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Minnesota Republican Drops Support for War

MELISSA BLOCK, host:

Congressman Gil Gutknecht is one of several Republicans who have been publicly critical of the Iraq war. NPR's David Welna visited Gutknecht's home district in southern Minnesota, where the six-term incumbent faces a strong challenge. He's running against a Democrat who's a veteran and also an outspoken critic of the war.

DAVID WELNA reporting:

In June when the House debated a resolution on the Iraq war, Minnesota First District Republican Gil Gutknecht urged his colleagues not to go wobbly, as he put it, on that war. Speaking with NPR outside the House chamber the day that debate ended, Gutknecht argued that with the recent killing of the notorious insurgency leader Abu Musab Al Zarqawi, the U.S. may well have passed the tipping point in overcoming Iraq's insurgency.

Representative GIL GUTKNECHT (Republican, Minnesota): You can't know all the facts when you get involved in something like this. But I think even the facts today demonstrate that we did the right thing and are doing the right thing.

WELNA: But Gutknecht was decidedly less upbeat about that war speaking last week back in his district.

Representative GUTKNECHT: The war in Iraq is a frustration for everyone and I know more and more people are turning sour on the war.

NAYLOR: Gutknecht himself has soured on the war. The turning point, he says, came when he traveled to Iraq in July along with two other House Republicans.

Representative GUTKNECHT: We all came back with the same view and that is that things in Baghdad are much worse than we had been led to believe. And that's not to say that we were being misled. But I think there was an impression among out intelligence officials and at the Pentagon that once Zarqawi was taken down, things were going to improve dramatically. That has not been the case.

NAYLOR: In fact, Gutknecht calls the security situation in Iraq worse now than it was three and a half years ago. Without setting a deadline, he says there has to be a plan for putting Iraqis in charge of that nation's security.

(Soundbite of crowd noise)

NAYLOR: As a crowd gathered for a field hearing on healthcare that Gutknecht held last week in the Owatonna, Minnesota, Marilyn Durenberger(ph) of nearby Mankato, who calls herself an independent conservative, was supportive of Gutknecht's change of heart on Iraq.

Ms. MARILYN DURENBERGER (Resident, Mankato, Minnesota): I don't see anything wrong with changing a person's opinion. When you get different facts, when the facts change.

NAYLOR: But Scott Peterson(ph), a Republican body shop owner in Mapleton, Minnesota, said Gutknecht seemed to be succumbing to those who wanted U.S. troops out of Iraq.

Mr. SCOTT PETERSON (Resident, Mapleton, Minnesota): I think there's going to be lots of pressure from outside sources. I mean, that's my opinion. That they should stick it out and wait until the time is appropriate.

NAYLOR: In fact it probably would have been better for Gutknecht as a vulnerable Republican just to stick to local issues, according to University of Minnesota political scientist Lawrence Jacobs.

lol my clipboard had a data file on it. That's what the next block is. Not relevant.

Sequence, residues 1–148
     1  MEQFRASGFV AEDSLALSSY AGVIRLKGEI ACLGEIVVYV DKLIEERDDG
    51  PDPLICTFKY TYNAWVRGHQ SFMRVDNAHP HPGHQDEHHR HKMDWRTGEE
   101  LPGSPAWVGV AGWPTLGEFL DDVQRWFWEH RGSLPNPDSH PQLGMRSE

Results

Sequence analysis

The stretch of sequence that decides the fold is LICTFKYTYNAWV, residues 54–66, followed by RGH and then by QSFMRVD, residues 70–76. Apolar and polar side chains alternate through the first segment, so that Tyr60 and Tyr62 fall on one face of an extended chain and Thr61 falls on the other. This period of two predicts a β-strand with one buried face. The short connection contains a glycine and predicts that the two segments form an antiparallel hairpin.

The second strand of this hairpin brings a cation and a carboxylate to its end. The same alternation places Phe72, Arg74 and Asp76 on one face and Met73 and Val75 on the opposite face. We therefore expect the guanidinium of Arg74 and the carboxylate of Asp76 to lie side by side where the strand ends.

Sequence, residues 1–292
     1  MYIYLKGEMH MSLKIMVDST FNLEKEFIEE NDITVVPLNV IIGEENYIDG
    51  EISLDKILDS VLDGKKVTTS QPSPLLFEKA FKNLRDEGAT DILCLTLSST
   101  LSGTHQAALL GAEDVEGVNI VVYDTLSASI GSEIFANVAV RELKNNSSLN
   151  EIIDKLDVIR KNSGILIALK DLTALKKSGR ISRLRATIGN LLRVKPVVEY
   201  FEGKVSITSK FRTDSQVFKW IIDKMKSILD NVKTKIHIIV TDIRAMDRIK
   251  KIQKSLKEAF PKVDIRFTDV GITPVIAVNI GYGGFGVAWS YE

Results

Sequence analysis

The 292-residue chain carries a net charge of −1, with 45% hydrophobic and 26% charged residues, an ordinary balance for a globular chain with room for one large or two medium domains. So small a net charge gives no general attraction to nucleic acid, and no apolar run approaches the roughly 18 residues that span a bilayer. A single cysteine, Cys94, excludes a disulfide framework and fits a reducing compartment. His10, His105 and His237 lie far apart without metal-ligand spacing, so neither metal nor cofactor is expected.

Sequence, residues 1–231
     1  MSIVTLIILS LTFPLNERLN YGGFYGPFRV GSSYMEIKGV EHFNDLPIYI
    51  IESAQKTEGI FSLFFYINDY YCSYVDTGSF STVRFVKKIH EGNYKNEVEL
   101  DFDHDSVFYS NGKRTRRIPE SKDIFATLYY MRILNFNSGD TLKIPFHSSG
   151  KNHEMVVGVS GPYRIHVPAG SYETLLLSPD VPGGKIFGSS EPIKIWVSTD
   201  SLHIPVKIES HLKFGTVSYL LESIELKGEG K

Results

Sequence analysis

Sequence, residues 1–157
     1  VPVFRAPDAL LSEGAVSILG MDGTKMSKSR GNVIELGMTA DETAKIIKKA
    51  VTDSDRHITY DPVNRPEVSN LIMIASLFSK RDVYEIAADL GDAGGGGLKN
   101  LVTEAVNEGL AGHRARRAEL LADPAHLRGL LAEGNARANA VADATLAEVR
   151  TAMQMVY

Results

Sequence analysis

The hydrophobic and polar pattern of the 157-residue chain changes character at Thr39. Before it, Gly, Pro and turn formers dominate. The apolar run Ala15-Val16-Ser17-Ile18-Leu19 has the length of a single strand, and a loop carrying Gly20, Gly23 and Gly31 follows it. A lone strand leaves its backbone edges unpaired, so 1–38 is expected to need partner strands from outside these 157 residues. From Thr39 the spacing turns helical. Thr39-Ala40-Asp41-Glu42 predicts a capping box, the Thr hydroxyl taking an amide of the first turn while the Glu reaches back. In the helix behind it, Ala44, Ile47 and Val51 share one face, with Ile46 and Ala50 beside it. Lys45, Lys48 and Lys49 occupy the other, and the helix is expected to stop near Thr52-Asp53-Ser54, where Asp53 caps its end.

Mr. LAWRENCE JACOBS (University of Minnesota): What Gutknecht did by his trip to Iraq and then his mea culpa is really to nationalize this race, and that's going to make it much more difficult for him coming down the home stretch in what should be a safe race for him.

NAYLOR: And it's not clear how safe that race is anymore.

Mr. TIM WALZ (Democrat, Minnesota): For those of you who don't know me, I'm Tim Walz. I'm a public school teacher.

(Soundbite of cheering)

Mr. WALZ: And I'm also the guy who is beating Gil Gutknect in the First Congressional District.

(Soundbite of cheering)

NAYLOR: Gutknect's Democratic challenger, Tim Walz, campaigned last week at the Minnesota State Fair. Besides being a high school geography teacher and coach, Walz spent 24 years in the Army National Guard and retired last year as a Command Sergeant Major, the Guard's highest enlisted rank.

In an interview, he was both scornful and supportive when asked about Gutknecht's newfound opposition to the Bush administration's Iraq policy.

Mr. WALZ: What I told him, and I looked him in the eye when we had a little forum at the Farm Fest, was that I'm not going to make political hay out of that. If he's found and searched his soul and understands what I've been saying on this thing, that this is wrong, then that's where this will go. It will go in a positive direction. Because this is far bigger than he and I.

NAYLOR: It's not clear yet whether Congressman Gutknecht has neutralized Iraq as a campaign issue by joining the war's critics. Tom Horner, who advises GOP candidates in Minnesota, says Gutknecht may still fall victim to widespread disillusionment with the party in power.

Mr. TOM HORNER (Republican Advisor, Minnesota): If it is a huge backlash to Republicans in Congress, to the Bush administration, Tim Walz is the kind of Democratic candidate, the First District is the kind of District, that could go Democratic.

NAYLOR: Whichever way it goes, voters in the First District will have a representative in Washington who's openly critical of the Iraq war.

David Welna, NPR News. Transcript provided by NPR, Copyright NPR.

David Welna is NPR's national security correspondent.